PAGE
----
The angels, too, waited anxiously for God’s perfect plan to come to fruition.  And so when it came time for this great message of the Incarnation to be delivered to Mary, the angel Gabriel arrived in haste to deliver it.  When he greeted her, Gabriel did not do so as if his message was some sort of subpoena proclaiming that she must comply with God’s will.  Rather, his greeting came with an acknowledgement of her sublime dignity as one highly regarded by God.  Mary, on her part, received the message with surprise, unaware of the dignity that God had bestowed upon her.  And while certainly the message that God’s only Son was to become man and be born of Mary is the primary message that Gabriel carried, it seems also that he carried a secondary message of significant importance: “O lowly handmaiden of the Lord.  Rejoice!  You have been highly regarded by God.”  This angel, who already knows the blessing of being regarded by God, was eager to bring this message of great joy to Mary.  And so we see that the message itself is a blessing, a blessing that opens the door for an even more abundant blessing: the Word become flesh in Mary’s womb.

            In many ways, we are experiencing another time of waiting, much like the ancient Hebrews experienced as they were waiting for the coming of the Messiah.  Christ, the promised one of God, has come and has brought us salvation through his life, death, and resurrection.  He ascended into heaven and waits now, until the fullness of time comes to completion—that is, until all of the pieces of God’s wonderfully mysterious plan come into place—when he will come again to usher in a new heaven and a new earth and to call his chosen ones home.  This anticipation of his coming is what we have been remembering in these past three weeks of Advent.  As we turn now and focus our attention on our remembrance and celebration of Christ’s first coming, we find ourselves with a perfect opportunity to cooperate in putting into place those pieces that will lead to Christ’s second coming.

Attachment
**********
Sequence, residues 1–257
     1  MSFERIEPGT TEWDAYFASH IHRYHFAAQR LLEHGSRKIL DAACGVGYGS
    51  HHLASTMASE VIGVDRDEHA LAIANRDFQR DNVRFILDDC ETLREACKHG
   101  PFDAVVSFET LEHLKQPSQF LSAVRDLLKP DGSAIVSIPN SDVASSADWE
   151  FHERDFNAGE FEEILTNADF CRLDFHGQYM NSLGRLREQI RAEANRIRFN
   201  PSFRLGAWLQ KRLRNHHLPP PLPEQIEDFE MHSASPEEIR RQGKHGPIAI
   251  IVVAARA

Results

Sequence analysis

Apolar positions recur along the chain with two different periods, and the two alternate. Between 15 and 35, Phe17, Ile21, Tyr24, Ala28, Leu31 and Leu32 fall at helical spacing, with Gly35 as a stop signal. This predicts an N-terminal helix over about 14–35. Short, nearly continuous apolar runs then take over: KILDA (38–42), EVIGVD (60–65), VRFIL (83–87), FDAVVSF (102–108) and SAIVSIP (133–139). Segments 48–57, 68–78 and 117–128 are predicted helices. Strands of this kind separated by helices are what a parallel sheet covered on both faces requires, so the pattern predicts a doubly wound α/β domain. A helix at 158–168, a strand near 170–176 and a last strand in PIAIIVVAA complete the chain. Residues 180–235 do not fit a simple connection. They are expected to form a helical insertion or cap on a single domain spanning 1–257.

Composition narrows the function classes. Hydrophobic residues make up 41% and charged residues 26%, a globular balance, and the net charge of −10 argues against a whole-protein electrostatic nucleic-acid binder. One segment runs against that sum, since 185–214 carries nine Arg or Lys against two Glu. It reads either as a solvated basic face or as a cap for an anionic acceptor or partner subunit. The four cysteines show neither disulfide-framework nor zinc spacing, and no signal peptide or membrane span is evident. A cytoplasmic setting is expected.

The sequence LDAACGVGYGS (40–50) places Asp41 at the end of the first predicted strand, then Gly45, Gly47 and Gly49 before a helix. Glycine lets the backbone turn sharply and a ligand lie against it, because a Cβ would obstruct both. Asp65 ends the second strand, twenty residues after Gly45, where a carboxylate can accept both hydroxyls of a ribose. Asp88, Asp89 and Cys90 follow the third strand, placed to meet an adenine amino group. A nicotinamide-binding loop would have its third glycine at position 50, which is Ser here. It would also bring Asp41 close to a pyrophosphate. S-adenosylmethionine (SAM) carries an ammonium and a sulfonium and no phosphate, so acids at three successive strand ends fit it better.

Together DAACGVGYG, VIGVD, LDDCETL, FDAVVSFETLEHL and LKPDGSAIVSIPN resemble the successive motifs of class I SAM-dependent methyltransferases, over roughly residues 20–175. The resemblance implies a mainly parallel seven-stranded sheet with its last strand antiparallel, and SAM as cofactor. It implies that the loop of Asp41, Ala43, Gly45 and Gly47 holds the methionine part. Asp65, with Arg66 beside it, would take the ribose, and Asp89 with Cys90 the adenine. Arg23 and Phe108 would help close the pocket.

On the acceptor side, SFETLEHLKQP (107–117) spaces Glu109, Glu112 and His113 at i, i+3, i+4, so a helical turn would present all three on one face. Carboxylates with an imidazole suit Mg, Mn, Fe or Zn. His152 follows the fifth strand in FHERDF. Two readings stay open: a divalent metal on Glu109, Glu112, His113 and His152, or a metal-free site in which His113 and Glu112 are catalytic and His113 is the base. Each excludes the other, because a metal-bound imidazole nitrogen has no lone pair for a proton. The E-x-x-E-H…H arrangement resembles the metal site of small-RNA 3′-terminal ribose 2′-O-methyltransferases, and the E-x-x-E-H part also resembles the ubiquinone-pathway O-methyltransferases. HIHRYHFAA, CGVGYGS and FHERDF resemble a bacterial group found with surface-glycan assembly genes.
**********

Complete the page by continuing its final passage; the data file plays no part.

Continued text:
You see, part of our calling as Christians is, in some sense, to be angels of the Lord.  There are many people around us who have never heard the message that Mary received from the angel Gabriel: that they are highly regarded by God.  Yet, I suspect that every day we are given the opportunity to give that very message to someone.  In the book of Genesis, it tells us that “God looked at all he had made and said, ‘It is very good.’”  Therefore, in a special way, because each of us is made in the image and likeness of God, God looks on us with favor and invites us to all to receive a message similar to the one Gabriel carried to Mary: “Hail, favored one!  God desires to dwell in you, if only you would let him.”  Now, I don’t believe that I exaggerate when I say that each and every day God gives us a chance to say to someone, “You are important here.  Your life matters, because God has a beautiful plan for your life.”  Perhaps even now we are aware of someone who needs to hear that message.  If so, then I invite you to make a commitment right now to carry that message to them this week.  If not, then I invite you to pray this week that God will reveal to you who he wants you to bring this message to, the joyful message of Emmanuel, God with us, in this coming week.  And when you feel the prompting of the Holy Spirit—in other words, when you feel moved to share this message with someone that you encounter this week—I encourage you to respond just like Mary did: Fiat mihi secundum verbum tuum, Let it be done to me according to your Word.

            My sisters and brothers, as we complete our preparations to celebrate our remembrance of the coming of Christ—that is, as we prepare not only our homes, but our hearts as well—let us also heed our call to be angels of God’s mercy to those around us.  If we do, perhaps then on Christmas Day a bell will ring also for each one of us.

~ Given at Our Lady of Mount Carmel Church, Carmel, IN. – December 18, 2011.

No comments:

Post a Comment